Do you need a degree for Actuary jobs? Majoring in mathematical sciences or computer science is a good plan for students entering college, but part of achieving success requires knowing what you want to do with your degree. There are plenty of well-paying careers for students who decide to major in computer science and mathematics. If you are good at mathematics and computers and enjoy analyzing information and solving problems, pursuing a degree in actuarial science and becoming an actuary could be an excellent career choice for you. An actuary is the number-one most high-paying job for computer science and mathematics majors, with experienced professionals earning a median annual salary of $136,000. In analyzing the financial aspects of risk sounds like an appealing career choice for you, your job preparation will include earning a bachelor’s degree and taking examinations for professional certification.
An Actuary’s Education
The first step to meeting the education requirements to become an actuary is earning a four-year degree from a college or university. Most aspiring actuaries pursue a bachelor’s degree program in a subject such as actuarial science, statistics, or mathematical sciences. These undergraduate degrees can be completed at online colleges. In addition to mathematics and analytical skills, students should expect to take courses in economics, calculus, business management, accounting, computer science, and corporate finance. During their college careers, many students take advantage of internship opportunities and network with potential employers to gain educational experience.
Achieving Certification as an Actuary
Even for entry-level jobs as actuaries, candidates must usually have passed at least one examination in the program to achieve professional certification, according to the United States Bureau of Labor Statistics (BLS). Depending on their intended industry of work, aspiring actuaries can begin the process of becoming fully certified professionals through either the Casualty Actuarial Society (CAS) or the Society of Actuaries (SOA). Both professional organizations offer certification at both the associate and the fellowship level. Passing these actuary exams and becoming an associate certified actuary typically takes between four and six years and requires taking five to seven actuary examinations. Progress to fellowship level certification can require another two to three years of work. Employers may pay the cost of some of these professional certification exams or even pay new actuaries to study.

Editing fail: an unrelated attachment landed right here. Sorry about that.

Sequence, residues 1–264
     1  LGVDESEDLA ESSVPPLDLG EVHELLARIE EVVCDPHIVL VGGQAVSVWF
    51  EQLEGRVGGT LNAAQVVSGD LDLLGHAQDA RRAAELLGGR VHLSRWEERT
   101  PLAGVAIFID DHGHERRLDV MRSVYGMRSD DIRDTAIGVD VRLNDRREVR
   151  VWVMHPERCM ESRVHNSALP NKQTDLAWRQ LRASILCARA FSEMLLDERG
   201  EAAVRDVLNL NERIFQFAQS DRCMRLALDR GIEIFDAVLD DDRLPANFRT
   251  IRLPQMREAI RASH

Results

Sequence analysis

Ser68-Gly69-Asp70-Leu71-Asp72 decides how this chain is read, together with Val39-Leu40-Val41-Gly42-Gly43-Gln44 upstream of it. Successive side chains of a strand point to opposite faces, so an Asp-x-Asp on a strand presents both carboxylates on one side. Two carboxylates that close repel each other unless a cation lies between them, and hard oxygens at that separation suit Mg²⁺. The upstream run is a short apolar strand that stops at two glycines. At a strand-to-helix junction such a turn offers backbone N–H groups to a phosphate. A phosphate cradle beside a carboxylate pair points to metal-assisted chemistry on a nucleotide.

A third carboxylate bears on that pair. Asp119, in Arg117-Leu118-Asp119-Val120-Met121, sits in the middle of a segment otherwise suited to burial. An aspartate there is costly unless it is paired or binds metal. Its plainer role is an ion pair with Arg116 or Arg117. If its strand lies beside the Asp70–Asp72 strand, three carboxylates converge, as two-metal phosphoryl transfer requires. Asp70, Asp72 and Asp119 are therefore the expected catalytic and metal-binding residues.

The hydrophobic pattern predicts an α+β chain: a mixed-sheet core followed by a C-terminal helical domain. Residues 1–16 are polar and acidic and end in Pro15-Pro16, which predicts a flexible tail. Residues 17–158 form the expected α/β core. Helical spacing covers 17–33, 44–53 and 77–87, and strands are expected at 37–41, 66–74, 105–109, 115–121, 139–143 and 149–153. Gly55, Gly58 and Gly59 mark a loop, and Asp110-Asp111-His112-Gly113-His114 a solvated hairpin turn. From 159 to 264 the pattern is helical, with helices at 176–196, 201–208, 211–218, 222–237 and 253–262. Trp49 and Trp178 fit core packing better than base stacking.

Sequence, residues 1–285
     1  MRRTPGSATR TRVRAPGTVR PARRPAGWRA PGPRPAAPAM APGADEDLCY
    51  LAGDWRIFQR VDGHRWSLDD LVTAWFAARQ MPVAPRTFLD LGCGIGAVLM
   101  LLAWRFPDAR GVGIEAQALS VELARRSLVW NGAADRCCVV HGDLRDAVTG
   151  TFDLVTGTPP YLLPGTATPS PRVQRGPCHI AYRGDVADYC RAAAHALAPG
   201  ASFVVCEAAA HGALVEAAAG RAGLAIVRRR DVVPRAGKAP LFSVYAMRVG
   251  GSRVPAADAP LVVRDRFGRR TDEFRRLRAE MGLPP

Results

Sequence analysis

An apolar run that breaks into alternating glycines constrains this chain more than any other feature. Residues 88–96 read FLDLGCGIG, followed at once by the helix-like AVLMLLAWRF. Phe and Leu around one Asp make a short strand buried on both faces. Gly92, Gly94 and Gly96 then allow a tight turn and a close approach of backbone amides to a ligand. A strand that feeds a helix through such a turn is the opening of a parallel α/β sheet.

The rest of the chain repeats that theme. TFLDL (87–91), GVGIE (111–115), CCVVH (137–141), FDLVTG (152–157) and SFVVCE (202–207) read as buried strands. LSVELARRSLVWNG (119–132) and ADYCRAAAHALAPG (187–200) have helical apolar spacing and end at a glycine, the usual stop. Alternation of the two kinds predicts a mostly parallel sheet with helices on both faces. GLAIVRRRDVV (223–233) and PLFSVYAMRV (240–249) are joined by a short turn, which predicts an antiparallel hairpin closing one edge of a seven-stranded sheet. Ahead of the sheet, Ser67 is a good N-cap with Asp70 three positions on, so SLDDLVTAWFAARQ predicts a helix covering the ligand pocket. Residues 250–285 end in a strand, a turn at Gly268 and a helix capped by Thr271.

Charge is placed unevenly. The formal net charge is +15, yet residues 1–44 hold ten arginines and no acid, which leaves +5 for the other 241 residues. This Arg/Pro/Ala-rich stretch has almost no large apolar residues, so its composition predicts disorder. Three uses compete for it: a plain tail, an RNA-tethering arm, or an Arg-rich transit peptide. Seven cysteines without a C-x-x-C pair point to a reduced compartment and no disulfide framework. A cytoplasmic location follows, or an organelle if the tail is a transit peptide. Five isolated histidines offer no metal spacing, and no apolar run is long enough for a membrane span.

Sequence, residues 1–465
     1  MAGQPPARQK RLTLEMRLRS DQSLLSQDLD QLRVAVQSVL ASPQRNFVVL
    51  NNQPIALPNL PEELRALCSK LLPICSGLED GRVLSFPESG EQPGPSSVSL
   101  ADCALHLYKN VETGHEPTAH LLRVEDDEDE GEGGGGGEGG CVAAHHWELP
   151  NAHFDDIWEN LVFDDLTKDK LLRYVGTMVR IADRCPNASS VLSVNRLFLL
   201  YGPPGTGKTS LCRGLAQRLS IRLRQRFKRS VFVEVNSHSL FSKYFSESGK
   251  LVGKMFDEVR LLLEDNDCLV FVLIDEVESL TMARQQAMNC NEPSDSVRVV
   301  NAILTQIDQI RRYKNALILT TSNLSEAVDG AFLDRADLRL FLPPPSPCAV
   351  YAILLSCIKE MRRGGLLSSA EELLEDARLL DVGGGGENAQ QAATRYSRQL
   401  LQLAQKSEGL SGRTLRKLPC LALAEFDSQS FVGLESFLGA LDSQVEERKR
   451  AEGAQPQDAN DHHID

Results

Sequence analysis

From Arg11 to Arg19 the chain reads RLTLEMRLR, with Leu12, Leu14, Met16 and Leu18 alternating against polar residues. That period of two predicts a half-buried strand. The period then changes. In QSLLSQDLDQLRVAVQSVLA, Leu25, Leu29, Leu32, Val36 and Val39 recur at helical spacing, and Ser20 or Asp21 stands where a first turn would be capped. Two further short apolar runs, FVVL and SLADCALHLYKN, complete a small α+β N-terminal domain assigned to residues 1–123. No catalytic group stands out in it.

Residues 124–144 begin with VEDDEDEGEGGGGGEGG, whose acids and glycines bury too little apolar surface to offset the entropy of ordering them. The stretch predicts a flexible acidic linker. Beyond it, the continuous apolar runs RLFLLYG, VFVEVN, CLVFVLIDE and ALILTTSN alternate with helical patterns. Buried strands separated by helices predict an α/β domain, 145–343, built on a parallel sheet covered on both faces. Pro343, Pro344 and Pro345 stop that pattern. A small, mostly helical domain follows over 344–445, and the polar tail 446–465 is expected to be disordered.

Entry-Level Actuary Work
Actuary jobs can vary, but most often trainees, or entry-level workers, learn under the supervision of experienced actuaries. Their work ranges from gathering data in the early days of their employment to doing research and drafting reports once they have sufficient experience to do so. Some employers have newly hired actuary trainees to become familiar with all aspects of the company by rotating through different departments.
A job as an actuary can be a rewarding one. In addition to earning a high salary once they have gained enough experience, actuaries also enjoy a very positive job outlook. The Bureau of Labor Statistics expects job opportunities for actuaries to increase by 26 percent over a decade, as opposed to just 11 percent of job growth expected across all injuries. If you find analyzing information and working with both numbers and computers interesting, then working in the actuary field could be the right career choice for you.